Feeds

Apple dealer cull makes sense

Unwelcome distraction

  • alert
  • submit to reddit

3 Big data security analytics techniques

Opinion This article was first published in February 1999 Apple UK is terminating all reseller contracts at the end of February and dealers are up in arms. Particularly CJ Graphics, the Apple dealership with a £12 million turnover that went bust last month. The London Apple dealer is blaming its chief supplier, Apple, for the "forced disposal" of the company to rival dealership Rapid Group. CJ Graphics owner, Floral Street, sold the assets of the company for "up to £500,000" on 29 January, after its bank pulled the plug on all the company's financing facilities. AIM-listed Floral Street has ceased trading and is initiating insolvency procedures - the directors expect there to be a deficiency of net assets. Some financial engineer will pay good money for reversing a company or two into the shell that is now Floral Street. Aziz Punja, chief executive of CJ Graphics, said: "It is no secret that we experienced a downturn in business during the latter part of 1998. This, combined with mounting orders due to Apple's lack of product and the recent changes imposed by Apple, has really forced our hand." The buck clearly stops there, as far as CJ Graphics is concerned. Apple has struggled to keep up with UK demand for the iMac, its most popular launch, with many models on allocation throughout the fourth quarter last year. But how many other Apple UK dealers have gone bust recently because of product shortages or channel changes? Banks do not usually pull the plug for these reasons. Besides, CJ Graphics could have been reasonably certain that it would retain a direct relationship with Apple, post channel reorganisation. With five retail outlets nationwide, CJ Graphics looks less dependent on Apple than many of its rivals. The company also sells graphics arts materials and office furniture, as well as Apple kit. Its future now looks secure under the wing of the Rapid Group. What about the future of the remaining Apple dealers, who are now expected to apply for reaccreditation? The future doesn't look bright for low-volume dealers, who are already losing out in new volume breaks introduced by Apple disties Ingram Micro and Computer 2000. This could force smaller resellers to raise prices by up to eight per cent, which, as one source said, will mean they will lose out to low-price mail-order resellers. But is Apple behaving so outrageously? It wants minimum volume commitments of #60,000 a year from its dealers, which doesn't seem such an awful lot. It is also trying to impose minimum requirements for staff size and company standards. Apple appears to have concluded that it has too many dealers in the UK. And Apple would be right. Its direct sales operation, AppleStore, is already a fixture on the Mac scene and with a few choice third-party applications and add-ons, could represent a big threat to the mail-order guys. In this context, low-volume, low value-adding resellers are an irritating distraction. ®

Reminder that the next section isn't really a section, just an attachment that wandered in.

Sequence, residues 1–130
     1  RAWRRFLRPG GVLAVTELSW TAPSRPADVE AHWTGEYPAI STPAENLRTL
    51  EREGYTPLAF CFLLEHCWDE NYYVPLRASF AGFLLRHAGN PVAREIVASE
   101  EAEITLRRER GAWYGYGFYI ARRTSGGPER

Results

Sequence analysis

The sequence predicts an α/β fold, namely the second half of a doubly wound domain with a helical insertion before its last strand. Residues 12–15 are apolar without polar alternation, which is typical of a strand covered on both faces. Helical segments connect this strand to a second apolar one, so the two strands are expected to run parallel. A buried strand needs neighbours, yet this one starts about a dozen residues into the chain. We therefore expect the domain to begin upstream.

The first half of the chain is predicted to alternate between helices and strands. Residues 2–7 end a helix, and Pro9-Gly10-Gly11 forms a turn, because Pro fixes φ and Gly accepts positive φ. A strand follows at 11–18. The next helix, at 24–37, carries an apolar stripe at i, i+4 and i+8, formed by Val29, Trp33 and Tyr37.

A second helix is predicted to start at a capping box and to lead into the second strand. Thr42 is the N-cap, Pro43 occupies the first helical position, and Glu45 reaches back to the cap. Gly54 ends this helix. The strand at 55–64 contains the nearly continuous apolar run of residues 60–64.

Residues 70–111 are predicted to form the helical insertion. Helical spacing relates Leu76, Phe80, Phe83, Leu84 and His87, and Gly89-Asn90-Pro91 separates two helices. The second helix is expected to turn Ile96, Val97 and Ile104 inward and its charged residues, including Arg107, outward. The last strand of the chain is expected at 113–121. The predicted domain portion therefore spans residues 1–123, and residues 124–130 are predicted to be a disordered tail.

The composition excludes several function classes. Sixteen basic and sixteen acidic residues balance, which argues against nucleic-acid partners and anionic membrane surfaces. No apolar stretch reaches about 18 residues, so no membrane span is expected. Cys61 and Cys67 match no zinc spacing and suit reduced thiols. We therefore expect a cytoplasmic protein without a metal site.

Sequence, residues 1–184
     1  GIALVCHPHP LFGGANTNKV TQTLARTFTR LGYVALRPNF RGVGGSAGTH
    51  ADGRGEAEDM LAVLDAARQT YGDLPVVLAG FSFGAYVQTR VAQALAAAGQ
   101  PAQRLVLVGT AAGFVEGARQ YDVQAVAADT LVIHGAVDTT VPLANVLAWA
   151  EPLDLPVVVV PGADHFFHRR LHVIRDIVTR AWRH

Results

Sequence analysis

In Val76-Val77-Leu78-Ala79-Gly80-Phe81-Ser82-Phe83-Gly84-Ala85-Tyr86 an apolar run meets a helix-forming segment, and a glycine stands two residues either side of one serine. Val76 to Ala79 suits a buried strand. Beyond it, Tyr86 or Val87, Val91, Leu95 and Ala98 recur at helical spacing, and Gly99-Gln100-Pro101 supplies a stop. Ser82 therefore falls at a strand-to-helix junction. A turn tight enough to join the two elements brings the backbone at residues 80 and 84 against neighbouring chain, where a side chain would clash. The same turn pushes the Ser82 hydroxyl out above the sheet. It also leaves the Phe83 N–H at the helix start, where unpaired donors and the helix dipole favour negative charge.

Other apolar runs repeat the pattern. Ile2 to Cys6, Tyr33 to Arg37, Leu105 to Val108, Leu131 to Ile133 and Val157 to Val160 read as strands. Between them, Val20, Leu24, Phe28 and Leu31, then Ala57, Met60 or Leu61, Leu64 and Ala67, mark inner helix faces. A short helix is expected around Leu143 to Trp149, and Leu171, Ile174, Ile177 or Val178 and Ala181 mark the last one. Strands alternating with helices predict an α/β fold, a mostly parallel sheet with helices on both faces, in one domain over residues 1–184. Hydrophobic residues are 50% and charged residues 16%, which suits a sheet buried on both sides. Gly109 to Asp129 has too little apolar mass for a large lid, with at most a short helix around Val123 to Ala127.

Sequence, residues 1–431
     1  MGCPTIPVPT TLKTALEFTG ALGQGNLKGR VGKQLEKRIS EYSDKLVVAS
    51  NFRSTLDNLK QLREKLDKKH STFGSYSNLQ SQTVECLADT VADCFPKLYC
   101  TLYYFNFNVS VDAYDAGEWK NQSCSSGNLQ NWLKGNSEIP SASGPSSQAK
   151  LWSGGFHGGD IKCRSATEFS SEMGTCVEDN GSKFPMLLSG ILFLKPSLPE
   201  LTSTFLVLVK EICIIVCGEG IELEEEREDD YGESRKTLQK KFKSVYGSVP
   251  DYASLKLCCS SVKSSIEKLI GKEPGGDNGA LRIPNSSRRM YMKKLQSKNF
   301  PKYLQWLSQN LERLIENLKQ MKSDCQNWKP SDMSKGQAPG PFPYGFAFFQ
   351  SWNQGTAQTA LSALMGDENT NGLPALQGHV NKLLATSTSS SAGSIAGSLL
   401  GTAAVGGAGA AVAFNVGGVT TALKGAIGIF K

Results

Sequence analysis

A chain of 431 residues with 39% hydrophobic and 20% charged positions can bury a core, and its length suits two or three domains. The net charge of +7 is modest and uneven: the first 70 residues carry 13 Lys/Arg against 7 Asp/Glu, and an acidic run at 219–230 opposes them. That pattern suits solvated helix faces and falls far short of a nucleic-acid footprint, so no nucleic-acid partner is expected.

Combat fraud and increase customer satisfaction

More from The Register

next story
Dropbox defends fantastically badly timed Condoleezza Rice appointment
'Nothing is going to change with Dr. Rice's appointment,' file sharer promises
Audio fans, prepare yourself for the Second Coming ... of Blu-ray
High Fidelity Pure Audio – is this what your ears have been waiting for?
MtGox chief Karpelès refuses to come to US for g-men's grilling
Bitcoin baron says he needs another lawyer for FinCEN chat
Record labels sue Pandora over vintage song royalties
Companies want payout on recordings made before 1972
Ex–Apple CEO John Sculley: Ousting Steve Jobs 'was a mistake'
Twenty-nine years later, post-Pepsi exec has flat-forehead moment
Number crunching suggests Yahoo! US is worth less than nothing
China and Japan holdings worth more than entire company
Zucker punched: Google gobbles Facebook-wooed Titan Aerospace
Up, up and away in my beautiful balloon flying broadband-bot
prev story

Whitepapers

Securing web applications made simple and scalable
In this whitepaper learn how automated security testing can provide a simple and scalable way to protect your web applications.
3 Big data security analytics techniques
Applying these Big Data security analytics techniques can help you make your business safer by detecting attacks early, before significant damage is done.
The benefits of software based PBX
Why you should break free from your proprietary PBX and how to leverage your existing server hardware.
Top three mobile application threats
Learn about three of the top mobile application security threats facing businesses today and recommendations on how to mitigate the risk.
Combat fraud and increase customer satisfaction
Based on their experience using HP ArcSight Enterprise Security Manager for IT security operations, Finansbank moved to HP ArcSight ESM for fraud management.